After this, I added my config to the Kannel directory /opt/kannel15/ and ran it using the following commands: /opt/kannel15/sbin/bearerbox /opt/kannel15/kannel.conf & /opt/kannel15/sbin/smsbox /opt/kannel15/kannel.conf

To wrap things up, I went to:
http://localhost:13013/cgi-bin/sendsms?username=foo&password=bar&smsc=ed6000&text=hello-world&from=277241234567&to=277241234567 and didn't receive anything:( Tried a couple of things and even assumed that my modem is not supported.
Then tried:
http://localhost:13013/cgi-bin/sendsms?username=foo&password=bar&smsc=ed6000&text=hello-world&from=00277241234567&to=00277241234567 and it worked:) This set-up expects the number to either not have a country code or have the country code with the + (written as 00) before it.
I will now attempt to get the inbound messages working and also make use of the SQLBox and hopefully write a post about it.

16 October, 2012 at 17:12PM

Auto-compile Twitter Bootstrap (C++)

I'm moving http://zabalaza.org from Blueprint CSS to Twitter Bootstrap. I initially tried using less.js but it was too slow for my dev machine (I'm using an old low-spec laptop). I ended up installing node.js to get the less.css compiler, but manually recompiling the files is frustrating.

So, I have written a small auto compiler in C++ :) It polls for changes in the directory with the .less files and runs the lessc command.

// Auto reloads/compiles Twitter Bootstrap's .less files.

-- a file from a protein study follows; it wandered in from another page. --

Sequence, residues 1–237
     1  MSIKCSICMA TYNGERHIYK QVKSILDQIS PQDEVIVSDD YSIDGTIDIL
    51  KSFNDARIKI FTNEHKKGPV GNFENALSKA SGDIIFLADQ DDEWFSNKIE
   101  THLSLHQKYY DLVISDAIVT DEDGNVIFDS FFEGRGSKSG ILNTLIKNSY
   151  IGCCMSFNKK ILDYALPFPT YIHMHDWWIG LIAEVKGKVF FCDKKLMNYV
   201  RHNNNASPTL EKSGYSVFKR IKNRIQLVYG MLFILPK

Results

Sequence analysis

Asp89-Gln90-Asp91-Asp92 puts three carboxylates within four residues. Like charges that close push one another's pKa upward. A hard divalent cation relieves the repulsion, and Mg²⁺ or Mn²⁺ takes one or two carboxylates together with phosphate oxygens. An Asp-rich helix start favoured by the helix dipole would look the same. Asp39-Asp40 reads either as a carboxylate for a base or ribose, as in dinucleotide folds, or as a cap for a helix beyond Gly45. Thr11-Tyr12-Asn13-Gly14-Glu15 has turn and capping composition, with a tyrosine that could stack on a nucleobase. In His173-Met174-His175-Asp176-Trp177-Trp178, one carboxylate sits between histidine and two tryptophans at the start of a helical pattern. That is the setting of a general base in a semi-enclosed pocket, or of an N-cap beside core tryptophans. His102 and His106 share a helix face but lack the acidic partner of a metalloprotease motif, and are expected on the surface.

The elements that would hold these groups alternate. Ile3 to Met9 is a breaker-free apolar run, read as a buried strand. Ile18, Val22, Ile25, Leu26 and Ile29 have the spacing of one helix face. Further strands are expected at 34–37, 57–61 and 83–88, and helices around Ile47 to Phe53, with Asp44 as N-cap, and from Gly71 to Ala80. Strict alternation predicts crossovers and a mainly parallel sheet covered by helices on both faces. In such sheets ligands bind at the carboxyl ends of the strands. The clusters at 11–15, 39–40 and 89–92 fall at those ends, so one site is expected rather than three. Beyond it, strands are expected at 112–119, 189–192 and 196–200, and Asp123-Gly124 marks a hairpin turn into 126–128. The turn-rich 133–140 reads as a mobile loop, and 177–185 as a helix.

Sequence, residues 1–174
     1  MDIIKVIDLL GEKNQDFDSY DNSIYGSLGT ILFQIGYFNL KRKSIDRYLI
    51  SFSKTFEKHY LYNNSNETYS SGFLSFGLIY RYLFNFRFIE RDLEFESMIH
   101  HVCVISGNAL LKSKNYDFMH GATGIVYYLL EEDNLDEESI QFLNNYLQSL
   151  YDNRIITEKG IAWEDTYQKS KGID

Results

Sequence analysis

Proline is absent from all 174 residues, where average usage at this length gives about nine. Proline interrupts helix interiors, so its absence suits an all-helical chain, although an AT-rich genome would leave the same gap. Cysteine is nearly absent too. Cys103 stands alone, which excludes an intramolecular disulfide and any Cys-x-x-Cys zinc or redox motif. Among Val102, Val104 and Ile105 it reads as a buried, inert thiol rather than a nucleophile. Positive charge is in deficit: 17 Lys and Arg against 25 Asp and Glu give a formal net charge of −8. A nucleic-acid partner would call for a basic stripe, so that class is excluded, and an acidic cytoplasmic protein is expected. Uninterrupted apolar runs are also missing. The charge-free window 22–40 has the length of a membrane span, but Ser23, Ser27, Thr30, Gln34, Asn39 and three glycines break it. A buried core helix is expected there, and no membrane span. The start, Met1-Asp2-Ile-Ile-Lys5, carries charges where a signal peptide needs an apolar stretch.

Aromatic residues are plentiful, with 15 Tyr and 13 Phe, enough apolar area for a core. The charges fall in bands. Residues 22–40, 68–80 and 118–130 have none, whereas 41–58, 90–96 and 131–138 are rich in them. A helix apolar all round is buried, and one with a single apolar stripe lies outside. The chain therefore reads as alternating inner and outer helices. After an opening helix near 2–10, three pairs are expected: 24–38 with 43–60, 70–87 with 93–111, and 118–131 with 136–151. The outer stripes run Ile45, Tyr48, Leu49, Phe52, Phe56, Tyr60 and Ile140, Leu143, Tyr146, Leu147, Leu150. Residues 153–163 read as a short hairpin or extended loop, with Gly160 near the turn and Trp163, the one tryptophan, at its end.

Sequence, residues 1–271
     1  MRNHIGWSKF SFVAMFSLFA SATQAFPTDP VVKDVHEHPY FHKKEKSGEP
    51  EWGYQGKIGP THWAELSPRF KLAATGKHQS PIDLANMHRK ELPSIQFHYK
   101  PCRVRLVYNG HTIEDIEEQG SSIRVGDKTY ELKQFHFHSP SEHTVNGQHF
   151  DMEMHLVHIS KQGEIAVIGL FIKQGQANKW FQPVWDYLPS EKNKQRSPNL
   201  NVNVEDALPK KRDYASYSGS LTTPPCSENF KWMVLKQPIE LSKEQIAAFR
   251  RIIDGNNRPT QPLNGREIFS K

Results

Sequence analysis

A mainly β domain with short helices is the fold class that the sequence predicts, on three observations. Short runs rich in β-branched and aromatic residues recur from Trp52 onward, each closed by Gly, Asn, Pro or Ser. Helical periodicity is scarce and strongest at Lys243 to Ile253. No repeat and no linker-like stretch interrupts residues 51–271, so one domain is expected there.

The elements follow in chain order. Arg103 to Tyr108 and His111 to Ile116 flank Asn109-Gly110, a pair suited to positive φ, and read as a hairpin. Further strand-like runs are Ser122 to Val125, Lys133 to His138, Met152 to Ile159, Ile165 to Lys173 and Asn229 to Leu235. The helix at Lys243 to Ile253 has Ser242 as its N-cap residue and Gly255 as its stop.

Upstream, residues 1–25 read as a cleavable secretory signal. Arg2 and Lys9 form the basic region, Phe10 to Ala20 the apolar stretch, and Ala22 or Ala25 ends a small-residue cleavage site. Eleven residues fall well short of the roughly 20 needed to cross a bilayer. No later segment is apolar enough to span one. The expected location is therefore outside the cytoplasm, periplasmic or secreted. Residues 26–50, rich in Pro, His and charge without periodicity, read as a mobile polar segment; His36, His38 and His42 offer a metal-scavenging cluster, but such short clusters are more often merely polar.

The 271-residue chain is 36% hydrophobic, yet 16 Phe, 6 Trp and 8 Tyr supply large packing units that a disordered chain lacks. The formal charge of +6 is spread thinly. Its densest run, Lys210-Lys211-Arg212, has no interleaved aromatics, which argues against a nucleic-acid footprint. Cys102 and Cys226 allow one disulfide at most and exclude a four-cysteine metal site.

#include <iostream>
#include <unistd.h>
#include <sys/stat.h>
#include <ctime>
#include <cstdlib>

const std::string BOOTSTRAP_DIRECTORY = "zabalaza/static/less/",
    BOOTSTRAP_MAIN = "zabalaza/static/less/bootstrap.less",
    BOOTSTRAP_CSS = "zabalaza/static/css/bootstrap.css";

int main()
{
    using namespace std;

    struct tm* modified;
    struct stat file_stats;
    int modified_time, current_time = 0;
    // $ lessc input.less > output.css
    string cmd = "lessc " + BOOTSTRAP_MAIN + " > " + BOOTSTRAP_CSS;

    system(cmd.c_str());

    while (true) {
        stat(BOOTSTRAP_DIRECTORY.c_str(), &file_stats);
        modified = gmtime(&(file_stats.st_mtime));
        modified_time = mktime(modified);

        if (current_time == 0) {
            current_time = modified_time;
        }
        if (modified_time > current_time) {
            current_time = modified_time;
            cout << "Recompiling .less files..." << endl;
            system(cmd.c_str());
            cout << "Done." << endl;
        }

        cout << "Polling directory..." << endl;
        sleep(3);
    }

    return 0;
}
08 August, 2012 at 21:17PM

blog.py - a webpy blog running on Google App Engine

I started working on this blog code last year at the beginning of December 2010. I know about the popular options out there, I just prefer running my own custom blog software.

I also love webpy and GAE.

Some facts about blog.py.

  • It's entirely written in web.py :)
  • Runs on Google App Engine
  • Uses Markdown and Pygments
  • Jinja2
  • Blueprint CSS framework

Point number three simply implies that I get to write readable beautiful rich text with full code syntax highlighting:) Let me put this to the test.

<?php

$truth = 'I love Python';
$other = ' and PHP.';

echo vsprintf('%s%s', array($truth, $other));

?>

blog.py has an RSS feed, and can create static pages. I have released teh codez under the GPL 3, and it's available in my GitHub profile.

04 January, 2011 at 11:09AM

© Copyright 2012 by Jose Sibande.
Login